Why Set Unrealistic Goals For Fun? Dreamlining

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Dreamlining is a technique for goal-setting and lifestyle design introduced in the book “The 4-Hour Work Week” by Timothy Ferris. You can use dreamlining to outline your ideal lifestyle and turn it into systematic steps that you can perform. It’s also a concept that focuses on goals that are exciting and that you feel are unrealistic to you; which makes it so much more fun when you reach them!

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You can read more about how-to-do Dreamlining here.

Why Set Unrealistic Goals?

What I enjoy the most about the concept of dreamlining is the emphasis on setting goals that we think are “unrealistic”. It’s a piece of unusual advice. Most productivity and goal-setting advice tells us to not set unrealistic goals, but instead keep it small, break it down, and make it realistic.

Timothy Ferris’s argument against setting realistic goals is that realistic goals just aren’t fun, exciting, or motivating enough. If the goal is too boring and realistic, then it won’t be enticing enough for us to put in the effort and do the hard work that’s needed. However, if a goal is unrealistic, huge, and makes us thrilled, then we’ll be motivated by just thinking about it.

In my experience, he’s right! Whenever I set my goals, I start with a “realistic” goal, but then I add a little bit more to it. I make it just a bit more unrealistic and exciting than it was before. And that enough gives me enough of an extra kick of excitement.

Related: Identity-Based Habits: Change Your Identity, Change Your Outcome

is the opposite of Happiness Boredom?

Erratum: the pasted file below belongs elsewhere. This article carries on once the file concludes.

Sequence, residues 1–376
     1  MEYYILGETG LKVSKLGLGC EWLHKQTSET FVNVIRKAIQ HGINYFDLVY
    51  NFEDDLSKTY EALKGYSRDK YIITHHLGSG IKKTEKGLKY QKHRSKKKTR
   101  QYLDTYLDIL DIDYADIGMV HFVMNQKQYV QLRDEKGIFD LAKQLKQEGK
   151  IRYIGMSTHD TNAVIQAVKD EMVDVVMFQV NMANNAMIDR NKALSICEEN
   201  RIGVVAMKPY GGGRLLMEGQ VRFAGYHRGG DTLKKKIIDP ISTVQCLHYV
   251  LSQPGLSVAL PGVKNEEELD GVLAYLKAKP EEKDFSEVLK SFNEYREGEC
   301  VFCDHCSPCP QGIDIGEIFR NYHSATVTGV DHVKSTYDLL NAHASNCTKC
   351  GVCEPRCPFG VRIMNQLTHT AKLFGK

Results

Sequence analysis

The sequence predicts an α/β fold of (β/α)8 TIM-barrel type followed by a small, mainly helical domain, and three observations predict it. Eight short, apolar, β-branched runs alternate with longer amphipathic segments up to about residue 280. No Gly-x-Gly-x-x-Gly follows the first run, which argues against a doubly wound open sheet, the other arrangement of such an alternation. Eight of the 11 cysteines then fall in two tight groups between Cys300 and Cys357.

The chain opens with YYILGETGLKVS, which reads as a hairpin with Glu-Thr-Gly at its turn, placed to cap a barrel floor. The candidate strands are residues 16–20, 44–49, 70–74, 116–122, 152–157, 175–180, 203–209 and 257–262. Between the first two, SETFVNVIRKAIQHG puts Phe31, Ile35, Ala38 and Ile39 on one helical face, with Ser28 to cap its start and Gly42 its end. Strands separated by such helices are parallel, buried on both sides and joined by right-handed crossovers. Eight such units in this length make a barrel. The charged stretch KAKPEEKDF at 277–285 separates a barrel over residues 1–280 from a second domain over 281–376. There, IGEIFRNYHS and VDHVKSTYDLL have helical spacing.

The existential vaccum manifests itself mainly in a state of boredom.

Viktor Frankl, Auschwitz survivor and founder of Logotherapy, Man’s Search for Meaning

Another theory of his that I’m fascinated about, is the theory that the opposite of happiness isn’t sadness; but boredom. And I think he may have a point here. When I think back on the happiest moments of my life, most of them are filled with excitement. The thrill of new love, doing things you’re not really supposed to, visiting a new city and traveling, experiencing something refreshing, having something unexpected happen, or feeling anticipation before something you’ve been waiting for.

Of course, there are theories opposing this as well. If I remember correctly, I read that in Japan, for example, it’s much more common to value the harmonious and tranquil life, than one filled with excitement (which is a western modern ideal). And as someone who meditates a lot, and who is a big fan of Eckart Tolle and Alan Watts, I do see a point in that as well. I’ve been feeling much happier lately when I’ve practiced daily gratitude and focused on being present.

In addition, when I think about periods of my life when I’ve been very bored and without direction, I know I haven’t felt very happy. I’m even felt the opposite; I’ve felt a sense of anguish and like I’m crawling in my own skin. Which is a feeling that has gone away when I’ve either practiced being fully in the present moment or by deciding on new challenges and goals for myself to reach for fun.

So, perhaps, the key to happiness is living a life that balances fulfillment and gratitude for what we have, as well as embraces the excitement of having dreams and ideals. If we only ever chase excitement, then perhaps we’ll never truly be grateful in the present. And if we allow ourselves to feel fully fulfilled in the now, it may make us inactive and make us miss out on many extraordinary life experiences.

Although, I’m sure that the answer to a happy life has to be tailored to our personal dreams and values. This again leads back to setting personal goals and perhaps trying dreamlining.


Thanks for reading!

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